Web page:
Monday, August 23, 2010


     Somewhere in my classroom a snake is learning to read. Two weeks ago, when we were cleaning up the yard, Joe lifted the vinyl grill cover off the ground and discovered a small ring neck snake curled in the dirt below.
     Hearing Joe’s exclamation, I hurried over and when I saw the snake, I scooped it up and dropped it into a large plastic jar that I keep for such marvelous surprises. I layered some soil, moss and rocks in the jar and the snake slithered into hiding. I planned to take the snake to school and keep it in my classroom for a couple of weeks. Then after all learning opportunities had been exhausted, I would return the snake to the spot where it first saw the light.
     I Googled “Ring Neck Snake” and the information that I found was encouraging. These snakes are shy but they make good pets. They need a place to hide, a shallow dish of water and an occasional snack of small invertebrates. Their favorite meal is salamanders. I strolled around my yard lifting rocks and logs until I uncovered some worms, crickets and a small black and yellow spotted newt. Perfect. I had a snake smorgasbord. The critters were dropped into the jar but the snake didn’t seem interested in the menu.
     Five days later, the only thing the snake had eaten was the tip of the salamander’s tail. Worried, I returned to Google and discovered that my snake’s milky eyes meant it was getting ready to shed. Snakes lose their appetites as their skin gets too tight.
     On Wednesday, I took the snake to school and it was a big hit that night at the sixth grade orientation. On Thursday, the biology teacher offered me a bigger home for it and I transferred the snake into a ten gallon terrarium. At this point, the Ring Neck’s eyes were almost completely opaque. I anticipated finding a freshly shed skin on Friday morning.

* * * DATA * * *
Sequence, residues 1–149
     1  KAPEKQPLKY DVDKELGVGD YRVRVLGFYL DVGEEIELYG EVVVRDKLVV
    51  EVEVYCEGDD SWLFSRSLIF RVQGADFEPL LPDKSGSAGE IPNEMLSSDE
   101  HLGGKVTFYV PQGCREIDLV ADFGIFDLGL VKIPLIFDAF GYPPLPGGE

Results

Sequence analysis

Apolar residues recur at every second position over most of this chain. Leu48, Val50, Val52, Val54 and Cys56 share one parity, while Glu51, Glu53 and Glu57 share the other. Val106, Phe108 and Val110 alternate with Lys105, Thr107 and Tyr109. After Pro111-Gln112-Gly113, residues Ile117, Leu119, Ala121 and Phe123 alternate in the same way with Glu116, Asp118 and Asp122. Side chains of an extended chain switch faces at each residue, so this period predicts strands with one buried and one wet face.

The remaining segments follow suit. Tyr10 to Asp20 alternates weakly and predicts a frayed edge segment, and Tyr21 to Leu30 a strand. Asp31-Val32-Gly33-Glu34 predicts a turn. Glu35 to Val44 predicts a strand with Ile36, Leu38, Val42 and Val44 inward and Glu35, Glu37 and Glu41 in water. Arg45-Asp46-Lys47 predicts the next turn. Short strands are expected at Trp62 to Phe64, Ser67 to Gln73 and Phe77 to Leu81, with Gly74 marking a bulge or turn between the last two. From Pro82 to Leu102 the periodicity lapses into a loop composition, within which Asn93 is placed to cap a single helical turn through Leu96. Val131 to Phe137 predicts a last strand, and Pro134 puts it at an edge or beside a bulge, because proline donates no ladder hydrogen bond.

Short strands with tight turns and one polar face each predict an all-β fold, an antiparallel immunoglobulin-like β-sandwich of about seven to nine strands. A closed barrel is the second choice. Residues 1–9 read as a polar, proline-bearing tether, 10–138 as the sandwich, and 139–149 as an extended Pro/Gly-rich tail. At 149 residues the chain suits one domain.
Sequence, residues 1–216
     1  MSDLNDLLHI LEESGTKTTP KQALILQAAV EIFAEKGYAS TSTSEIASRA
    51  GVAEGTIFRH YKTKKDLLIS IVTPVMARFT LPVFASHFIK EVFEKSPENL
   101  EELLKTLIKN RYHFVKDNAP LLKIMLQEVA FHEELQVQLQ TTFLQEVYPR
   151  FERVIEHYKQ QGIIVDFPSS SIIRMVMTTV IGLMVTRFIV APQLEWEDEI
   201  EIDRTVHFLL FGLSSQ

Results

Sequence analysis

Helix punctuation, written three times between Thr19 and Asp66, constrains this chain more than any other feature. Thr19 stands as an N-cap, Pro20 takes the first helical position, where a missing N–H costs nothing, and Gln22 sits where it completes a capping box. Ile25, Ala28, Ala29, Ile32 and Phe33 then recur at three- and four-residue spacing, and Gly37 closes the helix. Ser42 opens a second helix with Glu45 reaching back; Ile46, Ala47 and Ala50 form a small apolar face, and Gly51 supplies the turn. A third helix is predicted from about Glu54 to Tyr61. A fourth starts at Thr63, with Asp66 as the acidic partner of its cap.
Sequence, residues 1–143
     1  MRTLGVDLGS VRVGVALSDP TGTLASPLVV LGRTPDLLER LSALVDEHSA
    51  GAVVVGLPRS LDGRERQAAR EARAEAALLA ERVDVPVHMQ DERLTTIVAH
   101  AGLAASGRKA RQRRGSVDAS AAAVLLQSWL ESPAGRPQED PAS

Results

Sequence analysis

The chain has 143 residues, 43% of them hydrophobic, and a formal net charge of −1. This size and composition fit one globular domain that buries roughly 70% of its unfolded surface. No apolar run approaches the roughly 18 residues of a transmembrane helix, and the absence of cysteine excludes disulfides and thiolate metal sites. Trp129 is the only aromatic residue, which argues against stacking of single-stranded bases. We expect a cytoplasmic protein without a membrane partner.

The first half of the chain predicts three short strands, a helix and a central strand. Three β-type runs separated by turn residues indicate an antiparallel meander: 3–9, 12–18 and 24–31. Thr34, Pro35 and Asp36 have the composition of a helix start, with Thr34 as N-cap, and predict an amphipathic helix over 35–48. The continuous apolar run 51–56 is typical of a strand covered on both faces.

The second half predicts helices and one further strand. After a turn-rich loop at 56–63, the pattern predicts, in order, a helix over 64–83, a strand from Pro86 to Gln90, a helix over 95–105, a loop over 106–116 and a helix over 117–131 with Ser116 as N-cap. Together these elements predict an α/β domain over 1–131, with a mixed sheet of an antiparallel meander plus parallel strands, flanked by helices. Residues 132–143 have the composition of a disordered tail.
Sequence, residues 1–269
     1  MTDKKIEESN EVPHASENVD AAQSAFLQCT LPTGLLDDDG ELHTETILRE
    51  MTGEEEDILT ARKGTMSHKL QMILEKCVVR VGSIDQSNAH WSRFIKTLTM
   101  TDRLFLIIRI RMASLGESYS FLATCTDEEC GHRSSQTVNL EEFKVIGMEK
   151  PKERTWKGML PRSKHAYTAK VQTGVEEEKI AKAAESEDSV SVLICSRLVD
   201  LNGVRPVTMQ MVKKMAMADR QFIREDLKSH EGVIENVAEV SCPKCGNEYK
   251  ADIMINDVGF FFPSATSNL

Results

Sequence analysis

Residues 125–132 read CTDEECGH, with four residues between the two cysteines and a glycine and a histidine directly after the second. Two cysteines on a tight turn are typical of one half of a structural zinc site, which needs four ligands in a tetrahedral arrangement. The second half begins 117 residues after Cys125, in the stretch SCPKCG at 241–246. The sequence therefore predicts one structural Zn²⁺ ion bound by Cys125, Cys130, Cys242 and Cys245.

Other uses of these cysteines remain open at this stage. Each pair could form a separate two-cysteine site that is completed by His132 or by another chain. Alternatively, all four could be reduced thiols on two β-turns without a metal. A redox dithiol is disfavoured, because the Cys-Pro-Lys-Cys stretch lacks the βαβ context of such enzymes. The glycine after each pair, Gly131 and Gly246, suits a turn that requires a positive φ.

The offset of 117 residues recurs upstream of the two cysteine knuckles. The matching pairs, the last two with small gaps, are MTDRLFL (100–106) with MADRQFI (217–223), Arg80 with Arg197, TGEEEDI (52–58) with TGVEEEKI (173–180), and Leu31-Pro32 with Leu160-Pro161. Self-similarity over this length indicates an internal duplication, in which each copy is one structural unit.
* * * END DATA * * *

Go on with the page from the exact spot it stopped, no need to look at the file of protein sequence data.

What I didn’t anticipate was finding an empty terrarium. I wiggled my fingers through the rich loam. Perhaps the snake was burrowed deeply in the dirt. I turned over leaves, moss and rocks and uncovered the salamander, crickets and worms. But, there was no sign of the snake. The small opening between the glass sides and glass top of the aquarium must have been large enough for the slithery Houdini to escape. But where did it go? The last thing I needed on the first day of school was gaggles of girls leaping up on their desks when the snake reappeared. I crawled around on my hands and knees and looked everywhere, but the snake was gone.
     The students came for the first day of school today. They asked about the snake. I told them that I took it home. Yes, on the first day of school, I told a big, fat lie, but it’s better than the alternative. There are some students who wouldn’t come into my room if they thought a snake might drop out of the ceiling for a visit.

Somewhere in my English class a snake is learning to read. I hope it learns to spell EXIT.

photo courtesy Julie Williams

1 comment:

  1. EEEWWWWWWWWW!!!!! EEEEEEEEKKKKKKKKK!!!!!! I'm headin' for the hills, while screaming like a little girl.

    I have issues. With snakes.


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